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What is a Minimum Volatility ETF?

From the launch of the first minimum volatility ETF by Amundi in 2009, the total number of products has mushroomed to almost 70 globally

Dimitar Boyadzhiev 7 February, 2017 | 10:00AM

The popularity of strategic-beta ETFs has risen sharply over the past few years. One of the fastest growing segments are those exchange traded funds which aim to reduce risk within an equity portfolio; called low-volatility and min-volatility funds. From the launch of the first minimum volatility ETF by Amundi in 2009, the total number of products has mushroomed to almost 70 globally, according to Morningstar’s classification, amassing nearly $45 billion of assets under management.

In November, Morningstar unveiled Analyst Ratings for over 250 ETFs globally, including some of the largest risk-reducing ETFs. Of these, thirteen have been rated either Silver or Bronze.

The Merits of Medalist Risk-Reducing Equity ETFs

Most of the ETFs track indices belonging to the MSCI Minimum Volatility index family. Each MSCI Min Vol index aims to construct the least volatile portfolio possible with stocks from the parent index, under a set of constraints to ensure diversification. Because stocks should have the least level of correlation between each other, the strategy doesn’t just target the least-volatile stocks. The portfolio may also comprise average- to high-volatility stocks.

In contrast, the low-volatility portfolio offered by PowerShares holds only the least-volatile stocks. Each quarter, the fund ranks the constituents of the S&P 500 by their volatility during the past 12 months and targets the least volatile 100. It then weighs them according to the inverse of their volatility, so that the least volatile stock receives the largest weighting in the portfolio. Unlike the MSCI Minimum Volatility index family, the S&P 500 Low Volatility index doesn’t consider how stocks in the portfolio interact with each other. It doesn’t constrain its sector weightings of turnover either, which could result in large sector tilts that change over time.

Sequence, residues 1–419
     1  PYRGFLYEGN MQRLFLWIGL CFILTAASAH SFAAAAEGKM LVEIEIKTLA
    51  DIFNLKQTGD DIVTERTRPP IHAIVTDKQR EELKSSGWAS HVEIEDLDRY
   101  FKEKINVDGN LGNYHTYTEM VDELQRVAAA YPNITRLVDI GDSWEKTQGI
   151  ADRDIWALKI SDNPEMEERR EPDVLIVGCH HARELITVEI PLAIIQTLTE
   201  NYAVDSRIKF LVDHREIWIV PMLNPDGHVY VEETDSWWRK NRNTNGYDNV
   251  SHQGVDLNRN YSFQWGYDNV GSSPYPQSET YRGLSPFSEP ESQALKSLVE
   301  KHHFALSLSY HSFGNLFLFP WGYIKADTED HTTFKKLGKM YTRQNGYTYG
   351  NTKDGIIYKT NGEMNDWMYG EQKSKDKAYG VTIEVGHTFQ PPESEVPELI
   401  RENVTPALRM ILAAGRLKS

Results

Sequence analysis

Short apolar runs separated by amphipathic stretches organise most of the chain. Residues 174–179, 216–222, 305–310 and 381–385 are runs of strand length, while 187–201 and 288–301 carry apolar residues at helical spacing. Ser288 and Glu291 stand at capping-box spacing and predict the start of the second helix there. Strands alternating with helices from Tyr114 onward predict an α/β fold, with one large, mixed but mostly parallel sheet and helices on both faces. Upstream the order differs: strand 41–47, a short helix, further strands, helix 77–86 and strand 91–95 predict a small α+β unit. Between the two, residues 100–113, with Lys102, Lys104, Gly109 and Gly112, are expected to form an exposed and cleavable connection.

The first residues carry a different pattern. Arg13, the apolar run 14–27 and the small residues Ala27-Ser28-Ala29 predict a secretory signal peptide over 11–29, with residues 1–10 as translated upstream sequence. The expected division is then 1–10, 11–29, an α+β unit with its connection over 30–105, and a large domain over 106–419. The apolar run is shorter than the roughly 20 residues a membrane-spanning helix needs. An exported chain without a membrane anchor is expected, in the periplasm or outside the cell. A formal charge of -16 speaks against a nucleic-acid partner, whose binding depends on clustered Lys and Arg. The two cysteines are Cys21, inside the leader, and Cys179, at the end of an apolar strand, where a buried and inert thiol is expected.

We see merit in both strategies as both should offer a smoother ride and better risk/reward profile over the long term than their market-cap weighted parent benchmarks and most of their peers. However, these strategies are cyclical in nature and may experience periods of underperformance.

So far, both strategies have delivered on their promises. Over the past three, five, and 10-year periods, they have achieved a reduction in the realised volatility of around 20-40% against the broad market. Moreover, when compared to category peers, these ETFs have been amongst the top performers on both a risk-adjusted and non-adjusted basis.

This performance has attracted even more investors into risk-reducing strategies over the past three years, leaving some wondering whether valuation levels haven't become stretched. As with any investment, placing a position at a high valuation point may mean that one would have to wait longer to harvest the potential benefits.

The information contained within is for educational and informational purposes ONLY. It is not intended nor should it be considered an invitation or inducement to buy or sell a security or securities noted within nor should it be viewed as a communication intended to persuade or incite you to buy or sell security or securities noted within. Any commentary provided is the opinion of the author and should not be considered a personalised recommendation. The information contained within should not be a person's sole basis for making an investment decision. Please contact your financial professional before making an investment decision.

About Author

Dimitar Boyadzhiev  is a Passive Strategies Research Analyst for Morningstar